Crisis with Strawberry Jelly
Have you ever noticed how long it takes to feel settled and calm after dealing with a crisis incident? For example, your special little darling gets into the jelly that a friend left in your home (you hadn’t realized before 5 seconds ago that jelly was even in your home) … strawberry jelly, and he’s allergic to strawberries. No, he doesn’t have an anaphylactic reaction, and many would say, ‘you’re lucky!’ and maybe you are. But the reaction that occurs if the strawberry jelly that's currently coating his entire body and is pasting is hair to his glorious, not so little head, starts out as digestive (imagine the worse). It then becomes behavioral, creating oppositional actions, mood swings, tantrums and difficulty sleeping.
Your darling is 12 years old and the thought of these difficulties, plus puberty, sets your system into overdrive. You experience a full-fledged stress response, and choose the ‘fight’ option (determining flight and freeze to be unproductive). Fight, in your case, means, by every means necessary, prevent strawberry jelly from getting into his mouth. Fortunately, it seems the angels are on your side, and he’s primarily preoccupied with the feel of swishing it across the floor, so has not yet tuned into the snack potential in the adventure.
The Aftermath of Cortisol Cocktails
15 minutes later, and he’s clean, even though the floor is a bit sticky, and your collapse into the couch. You look normal, like any other parent sitting on the couch, but you aren’t. This is the 17th such crisis you have averted today, the 79th so far this month. And it’s only July 10. This is a part of your daily routine. You are the hyper vigilant, hyper alert parent of a child with special needs.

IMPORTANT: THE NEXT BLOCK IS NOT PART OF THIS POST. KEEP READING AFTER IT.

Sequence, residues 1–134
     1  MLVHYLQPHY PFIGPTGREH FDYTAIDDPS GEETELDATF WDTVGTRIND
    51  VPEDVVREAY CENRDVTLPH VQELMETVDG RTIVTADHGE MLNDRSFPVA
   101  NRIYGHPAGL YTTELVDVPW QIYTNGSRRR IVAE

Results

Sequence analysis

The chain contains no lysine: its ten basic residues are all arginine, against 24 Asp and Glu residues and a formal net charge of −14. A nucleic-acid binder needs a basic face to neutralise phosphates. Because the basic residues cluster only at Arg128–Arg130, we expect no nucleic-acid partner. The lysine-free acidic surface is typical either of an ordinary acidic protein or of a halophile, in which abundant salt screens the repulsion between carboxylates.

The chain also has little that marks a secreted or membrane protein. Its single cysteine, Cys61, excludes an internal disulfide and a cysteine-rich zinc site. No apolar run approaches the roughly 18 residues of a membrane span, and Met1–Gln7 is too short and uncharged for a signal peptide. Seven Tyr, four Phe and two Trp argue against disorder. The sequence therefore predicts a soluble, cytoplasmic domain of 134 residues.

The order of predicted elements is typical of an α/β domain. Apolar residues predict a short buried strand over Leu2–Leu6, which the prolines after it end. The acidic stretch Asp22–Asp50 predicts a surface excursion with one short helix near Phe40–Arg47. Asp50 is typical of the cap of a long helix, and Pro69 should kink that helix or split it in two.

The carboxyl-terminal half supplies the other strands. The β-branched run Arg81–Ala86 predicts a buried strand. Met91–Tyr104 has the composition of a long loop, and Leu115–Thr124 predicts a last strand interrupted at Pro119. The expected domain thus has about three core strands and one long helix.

People ask you how you do it, and you try to have the christian, or at least, polite response. Something about God’s strength, or about doing what you have to, or even a bit about the many times you felt unsuccessful in your attempts to avert the crisis. And though all that you said is likely true, what's also true is that the cocktail of stress hormones that flooded your system at the sight of strawberry jelly on Johnny helped you to hyper focus, exercise superhuman strength and energy, to handle the threat: strawberry jelly.
Rumor (or research) has it that constantly facing and averting crises can have a dramatic, mood altering effect on parents of kids with developmental disabilities. Some references say parents may even exhibit the symptoms of post traumatic stress disorder. Research also suggests that repeated exposure to traumatic incidences elevates your watchfulness for future trauma. This increased watchfulness (persistent stress response) in the short-term, is just plain exhausting. Your muscles are always ready for action, your heart rate is elevated, maybe even your blood pressure, your digestion is off (since digesting food when looking for threats like lions and tigers is not a priority!). The effects in the long-term are much more disturbing: mood disorders, pain, cardiovascular struggles, a weakened immune system and the like.